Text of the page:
The Schottenstein Center hosted 885 of 1,538 graduates Sunday for Ohio State’s Summer Commencement, with Congresswoman Joyce Beatty, University President Michael Drake and the vice president for Student Life, Dr. Javaune Adams-Gaston, addressing the graduates and attendees.
Of those graduating in the university’s 416th commencement, 277 received doctorate degrees, 400 received master’s degrees and 853 received undergraduate degrees and certificates. Archie Griffin, a two-time Heisman Trophy winner and the former president and CEO of Ohio State’s Alumni Association was awarded the Distinguished Service Award, as well.
Those graduating came from five continents and 54 countries including: Argentina, Hungary, Indonesia, Japan, South Africa, Ukraine and Zimbabwe.
Eighteen current and former student athletes received degrees, including former Ohio State football quarterback Cardale Jones, who walked at Spring Commencement but officially completed this degree this summer.
Fifty percent of degree recipients in the summer 2017 class are women, with 47 percent of undergraduate degrees given to women.
During her Commencement Address, Beatty spoke on behalf of the women in the crowd, focusing on the pivotal success of females for a successful America.
“Here I am standing here today as the first female Democrat House leader in Ohio’s history,” Beatty said, with a loud applause from the crowd. “The first female to serve as senior vice president right here at The Ohio State University.”
She said while serving as a congresswoman, she was asked to look over former President Barack Obama’s State of the Union Address along with a select group of politicians.
When the group got together to review the speech, she said many around the table quickly finished their review, but she could not because there needed to be something more about women in America.
As you move forward, it is not necessary to know the entire route you will take because most of us, the trail is illuminated only one step at a time. – Joyce Beatty
“So I said, ‘I think the president should put in his speech: “When women succeed, America succeeds.” And then there was silence,” Beatty said. “So what did I do? I said it again, a little louder and with attitude and I even had the courage to add some words to it.”
Though her edit was made clear, she was unsure it would be made until the night of the speech.
As she stood on the House floor, she said she heard someone call for her, and she was shown the speech.
“At the top of page seven, the President of the United States said before the nation, “When women succeed, America succeeds,” Beatty said.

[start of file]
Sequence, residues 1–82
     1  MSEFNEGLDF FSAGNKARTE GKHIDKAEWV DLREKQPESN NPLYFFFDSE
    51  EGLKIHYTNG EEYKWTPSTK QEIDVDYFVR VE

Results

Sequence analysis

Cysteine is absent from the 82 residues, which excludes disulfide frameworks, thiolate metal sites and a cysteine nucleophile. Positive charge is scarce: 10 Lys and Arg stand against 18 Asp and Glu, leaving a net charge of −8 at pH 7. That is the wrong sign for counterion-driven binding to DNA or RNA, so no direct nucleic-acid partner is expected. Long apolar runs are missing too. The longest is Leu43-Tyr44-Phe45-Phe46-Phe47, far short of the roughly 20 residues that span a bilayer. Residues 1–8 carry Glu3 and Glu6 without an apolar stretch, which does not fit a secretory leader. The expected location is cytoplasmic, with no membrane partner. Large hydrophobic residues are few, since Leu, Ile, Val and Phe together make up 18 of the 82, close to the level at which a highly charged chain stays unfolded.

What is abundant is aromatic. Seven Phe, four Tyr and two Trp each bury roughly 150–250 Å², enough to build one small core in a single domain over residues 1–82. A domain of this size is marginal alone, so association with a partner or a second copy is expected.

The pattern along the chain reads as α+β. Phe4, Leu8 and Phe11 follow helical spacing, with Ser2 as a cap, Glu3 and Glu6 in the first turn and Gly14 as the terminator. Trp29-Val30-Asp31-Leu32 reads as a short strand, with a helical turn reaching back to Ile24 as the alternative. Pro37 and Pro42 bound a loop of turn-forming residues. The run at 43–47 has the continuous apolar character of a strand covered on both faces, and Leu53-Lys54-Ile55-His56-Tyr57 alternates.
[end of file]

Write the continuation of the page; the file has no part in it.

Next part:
She urged those in attendance to support not just women, but themselves in particular in the next journey after commencement, though they need not know exactly how that journey will pan out.
“As you move forward, it is not necessary to know the entire route you will take because most of us, the trail is illuminated only one step at a time,” Beatty said. “You may be concerned if you don’t have a job yet, but be more concerned if you at least haven’t had a vision to be somewhere on your path.”
She said this graduating class represents a new generation; one of ideals of the past, but a commitment and confidence to the future.
“You stand at a magnificent moment with the ability to unleash an amazing amount of imagination, courage, talent and Buckeye spirit,” Beatty said.
She urged the graduating class to stand up for issues such as family leave, equal pay, science, arts and humanities, “to ensure all americans, no matter what they look like of their zip code, are treated fairly with dignity and respect.”
“Soon you will be handed a degree, but no one can ever hand you courage. So move forward with courage,” Beatty said.
Drake continued on with a message of self-empowerment, specifically that which comes from making the right decisions.
“Before you make a decision, refer to your inner compass, and then you will know what to do because you will know what is right to do,” Drake said. “Use yourself as a guide to make good decisions. Good decisions lead to good places like where you are today, right at this moment.”
He said with these decisions comes the need to welcome new information.
“We may not always agree, but we always agree it is important to protect the freedom of sharing ideas,” he said.
To end his speech, Drake again quoted and paid homage to the late John Glenn, as he did for Spring Commencement.
“Congratulations, class of 2017,” he said. “God Speed.”